Hall Interviews Innookpoozhejook (1879)

July 5, 1869.— Another short interview with In-nook-poo-she-jook this morning about ten o'clock, just before he and the Innuits started off on a sealing excursion. Ar-mou assisted me in this brief talk, as Joe and Hannah were both busily engaged outside of the tent. By the by, I can use quite a number of the Repulse Bay natives to good advantage as interpreters when I talk with natives of distant places, such as Neit-chille, Pelly Bay, and Ig-loo-lik. With the EngIish Admiralty chart before us, I ask In-nook-poo-shee-jook again where the monument had been erected that had the long stone on top pointing toward Ki-ki-tuk (King William's Land), which he told me about yesterday. He then pointed to the same place as yesterday, to wit, on the coast south side of Inglis Bay, south of the long narrow island which is but a little way east of the mouth of Castor and Pollux River, discovered by Dease and Simpson in 1839, the terminal point of their discoveries in that direction. In-nook-poo-she-jook then placed a board-nail which I had in my hand directly over the spot of the monument, the same nail pointing to Shar-too, and thence on to Point Victory, where another monument had been erected by white men and found by the Innuits. I was not only deeply interested in this particular description of his, but greatly surprised, for he particularly said that the long stone on the top of that monument not only pointed in the direction of Shar-too (Cape Colvile, low land opposite the S. E. extreme of King William's Land) but to the place of the monument that had been erected north side of the inlet at the northwest extreme of King William's Land — that is, at Point Victory. He said that Innuits who saw the said monument south side of Inglis Bay noted what he states.

After seeing the direction in which this nail pointed to the northward and westward, I drew a line in the opposite direction, to the southward and eastward, to see if it might not, if prolonged, come near to Repulse Bay, and found such to be the fact; therefore, the pointing stone may have been intended by those who placed it there to indicate whence they had come and to what place they were bound. But this latter is of my own conjecture, founded upon what In-nook-poo-she-jook has told, and upon what information has been derived from some of the Repulse Bay and Ig-loo-lik natives.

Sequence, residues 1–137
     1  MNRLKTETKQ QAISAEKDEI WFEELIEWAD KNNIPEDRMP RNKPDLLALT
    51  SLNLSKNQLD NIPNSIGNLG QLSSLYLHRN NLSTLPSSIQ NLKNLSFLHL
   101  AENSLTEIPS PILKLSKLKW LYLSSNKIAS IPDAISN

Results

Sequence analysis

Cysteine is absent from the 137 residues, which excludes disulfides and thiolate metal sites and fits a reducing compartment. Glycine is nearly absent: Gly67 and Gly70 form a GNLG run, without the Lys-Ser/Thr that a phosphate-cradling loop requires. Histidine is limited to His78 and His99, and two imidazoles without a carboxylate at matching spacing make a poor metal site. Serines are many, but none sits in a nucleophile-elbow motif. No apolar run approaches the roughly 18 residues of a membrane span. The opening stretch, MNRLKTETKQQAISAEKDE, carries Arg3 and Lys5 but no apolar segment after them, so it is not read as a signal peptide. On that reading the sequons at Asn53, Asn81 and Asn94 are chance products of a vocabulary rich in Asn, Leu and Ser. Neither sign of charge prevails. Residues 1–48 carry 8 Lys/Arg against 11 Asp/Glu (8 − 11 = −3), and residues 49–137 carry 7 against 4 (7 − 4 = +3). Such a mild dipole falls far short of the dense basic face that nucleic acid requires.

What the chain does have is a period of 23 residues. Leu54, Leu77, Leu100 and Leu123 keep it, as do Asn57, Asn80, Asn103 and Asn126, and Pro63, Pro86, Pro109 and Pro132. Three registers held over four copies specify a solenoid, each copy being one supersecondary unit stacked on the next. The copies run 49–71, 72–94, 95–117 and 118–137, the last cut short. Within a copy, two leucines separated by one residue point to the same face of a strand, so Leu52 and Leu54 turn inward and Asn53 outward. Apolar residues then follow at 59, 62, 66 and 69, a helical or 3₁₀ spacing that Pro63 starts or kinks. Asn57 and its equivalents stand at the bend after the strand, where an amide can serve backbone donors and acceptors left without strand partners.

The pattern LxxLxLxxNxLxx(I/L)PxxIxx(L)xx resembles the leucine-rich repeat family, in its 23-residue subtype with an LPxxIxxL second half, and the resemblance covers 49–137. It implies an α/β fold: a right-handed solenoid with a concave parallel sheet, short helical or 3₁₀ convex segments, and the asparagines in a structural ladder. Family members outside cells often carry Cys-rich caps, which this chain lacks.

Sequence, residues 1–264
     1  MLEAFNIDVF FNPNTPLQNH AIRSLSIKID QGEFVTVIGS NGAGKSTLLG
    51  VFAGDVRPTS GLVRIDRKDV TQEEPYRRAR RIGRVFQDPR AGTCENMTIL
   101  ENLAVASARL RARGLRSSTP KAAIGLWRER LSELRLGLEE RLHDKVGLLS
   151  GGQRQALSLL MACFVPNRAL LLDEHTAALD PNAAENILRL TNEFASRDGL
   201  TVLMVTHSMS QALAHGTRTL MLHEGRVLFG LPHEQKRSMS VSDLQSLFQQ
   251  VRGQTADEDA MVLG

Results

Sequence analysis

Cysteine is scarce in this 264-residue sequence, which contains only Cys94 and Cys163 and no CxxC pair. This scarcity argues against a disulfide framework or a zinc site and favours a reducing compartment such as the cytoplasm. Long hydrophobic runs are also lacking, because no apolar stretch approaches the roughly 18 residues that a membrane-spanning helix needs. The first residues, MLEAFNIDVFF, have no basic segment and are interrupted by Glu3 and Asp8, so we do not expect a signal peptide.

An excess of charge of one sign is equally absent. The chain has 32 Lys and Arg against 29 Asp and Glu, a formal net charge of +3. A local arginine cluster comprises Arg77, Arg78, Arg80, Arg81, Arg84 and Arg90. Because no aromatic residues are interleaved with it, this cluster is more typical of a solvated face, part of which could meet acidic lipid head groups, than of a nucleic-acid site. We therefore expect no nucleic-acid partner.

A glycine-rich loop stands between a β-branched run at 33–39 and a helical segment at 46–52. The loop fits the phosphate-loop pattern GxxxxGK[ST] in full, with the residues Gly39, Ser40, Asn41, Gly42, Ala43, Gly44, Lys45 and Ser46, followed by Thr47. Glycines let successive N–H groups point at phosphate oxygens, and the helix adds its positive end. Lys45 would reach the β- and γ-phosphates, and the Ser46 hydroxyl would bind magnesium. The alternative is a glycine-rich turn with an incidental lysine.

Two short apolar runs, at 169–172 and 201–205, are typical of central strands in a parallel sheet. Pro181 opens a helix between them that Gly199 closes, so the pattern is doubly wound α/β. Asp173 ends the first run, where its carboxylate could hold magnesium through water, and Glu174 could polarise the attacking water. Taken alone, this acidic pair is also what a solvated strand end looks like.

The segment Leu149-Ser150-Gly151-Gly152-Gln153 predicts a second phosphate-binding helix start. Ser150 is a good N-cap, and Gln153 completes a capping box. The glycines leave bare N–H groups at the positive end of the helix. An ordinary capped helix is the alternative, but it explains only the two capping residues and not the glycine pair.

Before I proceed to note the remainder of the information gained in this morning's interview, I will transcribe a few lines from Dr. Rae's report of his journey of 1854 — such part of it as refers to a monument he found in the very locality pointed out as above by In-nook-poo-shee-jook. Dr. Rae at the time was in Inglis Bay at the embouchure of Murchison River ; when the report reads:

"The weather was overcast with snow when we resumed our journey at 8.30 p.m. On the 27th of April we directed our course directly for the shore, which we reached after a sharp walk of one and a half hours, in doing which we crossed a long stony island of some miles in extent. As by this time it was snowing heavily, I made my men travel on the ice, the walking being better there, whilst I followed the windings of the shore closely examining every object along the beach.

"After passing several heaps of stones which had evidently covered Eskimo caches, I came to a collection larger than any I had seen, and clearly not intended for the protection of property of any kind ; the stones, generally speaking, were small, and had been built in the form of a pillar, but the top had fallen down, as the Eskimo had previously given me to understand was the case. Calling my men to land, I sent one to trace what looked like the bed of a small river, immediately west of us, whilst the other men and myself cleared away the pile of stones in search of a document. Although no document was found, there could be no doubt in my own mind and in that of my companion that its construction was not that of the natives. My belief that we had arrived at the Castor and Pollux River was confirmed when the person who had been sent to trace the apparent stream-bed returned with the information that it was clearly a river.

* * * "Having spent upwards of an hour in fruitless search for a memorandum of some kind, we began to retrace our steps," &c.

I will follow the extract with a remark or two. Taking the story of In-nook-poo-she-jook and the preceding extract of Rae's report into consideration, it is quite certain that the monument was that of white men.

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About this document ...

  • Written by: Charles Francis Hall
  • Published in: Narrative of the Second Arctic Expedition Made by Charles F. Hall
  • Published by: Government Printing Office
  • Place: Washington D.C.
  • Date: 1879
  • Page(s): 608-611
Sunken ship